Friday, May 21, 2010

Cliches Exist for a Reason

It's the final day of our Theme Week! All this week I've been posting on matters of romance in young adult fiction. So sit back, invite your favorite fictional love interest, and enjoy! (What? Why yes, yes I did bring Lend! And no, no you don't know who that is yet. But you will...oh yes, you will! [Cue evil laughter] [cue abruptly cutting off evil laughter and holding my head because it makes it ache even more])

I met Hot Stuff my first week at college. One hello from him, one look at his humongous, clear blue eyes, and that was it for me. I was determined to date him.

Two weeks later and he still hadn't asked me out. (I know, what was wrong with him??) Some friends asked me to go to a late movie and, figuring why not, I went and asked Hot Stuff if he wanted to join us--my treat.

Nine months later we got married.

(Umm, for the record, I was a teen bride but not a teen mother. We had Nayna right before our two year anniversary and two weeks after I got my degree. I was just an overachiever is all.)

There were many, many things that made me confident Hot Stuff was someone I could be happy with for the rest of my life. I remember one night, homework finished, we sat next to each other on the couch

Yup. We read. Different books. But I thought to myself, if sitting next to him on the couch reading makes me this happy, this is right. And after a while of dating I knew I could look for the rest of my life and never find someone who made me happier than just being with Hot Stuff made me.

We never fought. Still haven't had an argument to this day. There was never any uncertainty, never any games, never a question of whether I liked him more than he liked me and how I could get him to like me more. I never, ever felt insecure in our relationship or bad about myself. From that first date we liked each other, and then we loved each other, and then we got married, and turns out we love each other even more now. (And we still sit next to each other on the couch and read, because we're wild and crazy like that.)

For a real life story, I think that's about as beautiful as they come.

However. Can you imagine how that love story would play out in a novel? She liked him! Then he liked her! Then they loved each other! And they read! On the couch! And ordered pizza Saturday night so they could have it for Sunday dinner together! And they walked home from classes together! And sometimes Kiersten thought it was funny to throw berries at Hot Stuff on their walks home from classes, and even though he kind of thought it was obnoxious, she was so cute he put up with it!

Drama-free, which is exactly how real life relationships should be. Fictional relationships, however, need a dash of drama. I could live in my love story forever (and I am!), but you would probably fall asleep. Or claw your eyes out or something.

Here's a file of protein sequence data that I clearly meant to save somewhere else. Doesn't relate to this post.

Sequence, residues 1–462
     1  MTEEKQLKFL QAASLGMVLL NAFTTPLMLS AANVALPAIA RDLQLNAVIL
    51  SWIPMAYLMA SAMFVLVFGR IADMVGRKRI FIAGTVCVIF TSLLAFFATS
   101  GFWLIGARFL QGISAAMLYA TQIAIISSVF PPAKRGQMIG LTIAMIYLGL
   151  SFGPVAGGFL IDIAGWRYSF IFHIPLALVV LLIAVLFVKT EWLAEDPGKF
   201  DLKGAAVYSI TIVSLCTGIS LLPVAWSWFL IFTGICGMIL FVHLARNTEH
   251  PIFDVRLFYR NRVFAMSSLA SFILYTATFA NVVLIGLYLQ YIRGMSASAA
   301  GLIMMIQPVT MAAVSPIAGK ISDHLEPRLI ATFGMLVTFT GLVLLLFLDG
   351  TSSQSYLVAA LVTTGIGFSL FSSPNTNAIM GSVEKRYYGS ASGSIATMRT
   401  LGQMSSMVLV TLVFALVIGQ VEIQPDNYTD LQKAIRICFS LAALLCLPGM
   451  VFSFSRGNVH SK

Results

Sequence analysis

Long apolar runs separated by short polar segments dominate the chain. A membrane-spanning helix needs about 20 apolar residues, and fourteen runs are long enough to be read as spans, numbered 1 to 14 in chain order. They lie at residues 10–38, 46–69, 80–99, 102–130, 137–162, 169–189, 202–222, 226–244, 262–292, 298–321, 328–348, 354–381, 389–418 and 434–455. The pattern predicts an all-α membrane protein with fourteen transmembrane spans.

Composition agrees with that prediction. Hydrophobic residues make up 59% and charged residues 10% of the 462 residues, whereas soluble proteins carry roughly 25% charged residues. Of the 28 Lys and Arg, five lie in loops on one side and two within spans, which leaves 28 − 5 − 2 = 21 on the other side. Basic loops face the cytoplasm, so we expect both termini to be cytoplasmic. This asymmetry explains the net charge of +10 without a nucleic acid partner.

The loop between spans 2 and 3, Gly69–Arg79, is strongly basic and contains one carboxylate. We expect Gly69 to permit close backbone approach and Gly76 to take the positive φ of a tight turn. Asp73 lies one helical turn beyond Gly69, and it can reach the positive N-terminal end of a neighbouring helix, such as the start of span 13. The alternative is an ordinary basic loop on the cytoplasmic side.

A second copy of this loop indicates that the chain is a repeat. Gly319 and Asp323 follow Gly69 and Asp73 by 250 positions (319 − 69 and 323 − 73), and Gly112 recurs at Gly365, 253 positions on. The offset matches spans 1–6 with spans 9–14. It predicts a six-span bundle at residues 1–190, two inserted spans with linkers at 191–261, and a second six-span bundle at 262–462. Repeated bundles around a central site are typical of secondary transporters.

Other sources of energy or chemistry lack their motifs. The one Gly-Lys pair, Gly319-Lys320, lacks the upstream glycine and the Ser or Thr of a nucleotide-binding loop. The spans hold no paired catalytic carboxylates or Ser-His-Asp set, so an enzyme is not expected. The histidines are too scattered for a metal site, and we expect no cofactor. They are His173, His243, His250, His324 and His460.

So all of these things we've talked about--love triangles, bad boys, relationships that use borderline abuse in an effort to be dramatic and sexy--well, they exist for a reason. We want that vicarious thrill, that will-they-or-won't-they-fall-in-love. That who-will-she-choose. That wow-how-hot-is-it-that-he-nobly-refuses-to-rip-her-throat-out-no-matter-how-much-he-secretly-wants-to. (Okay, maybe I could do with a little less of that.)

The trick isn't in avoiding stereotypes entirely. They are common because they work. The trick is focusing not on the cliche or the trope, but on the characters and the relationship. Is it terrible if you have a bad boy? Absolutely not. It's how you make that bad boy into a person, how you make that relationship into one that is gripping and compelling and different. Make that bad boy your own. Make that triangle honest and believable. Make that good guy the most freaking interesting character ever written. Make that borderline abusive relationship...well, on second thought, please for the love don't write one of those. Or if you do, don't tell us it's sexy.

Don't worry about doing anything the right or wrong way. It doesn't need to be like every other story out there, and it doesn't need to be completely different, either. If your romance is genuine, and we connect with and care about your characters, you're doing it exactly right.

And if you want to write fanfiction of Hot Stuff and me reading together on the couch, well then by all means, have at it. (But don't forget his bee powers. And I'd like to be 5'7". After all, this is fiction we're writing, isn't it?)

Thanks for playing this week, everyone. I've loved reading the comments. And Lend would like me to tell you that PARANORMALCY comes out in exactly four months, at which point you can see just what, exactly, I do when writing relationships. For now, tell me: do you worry about cliches and tropes when you write, or do you just write the story that comes to you?


Katrina L. Lantz said...

I have been telling critics this for years! Cliche is cliche for a reason: it resonates, it works.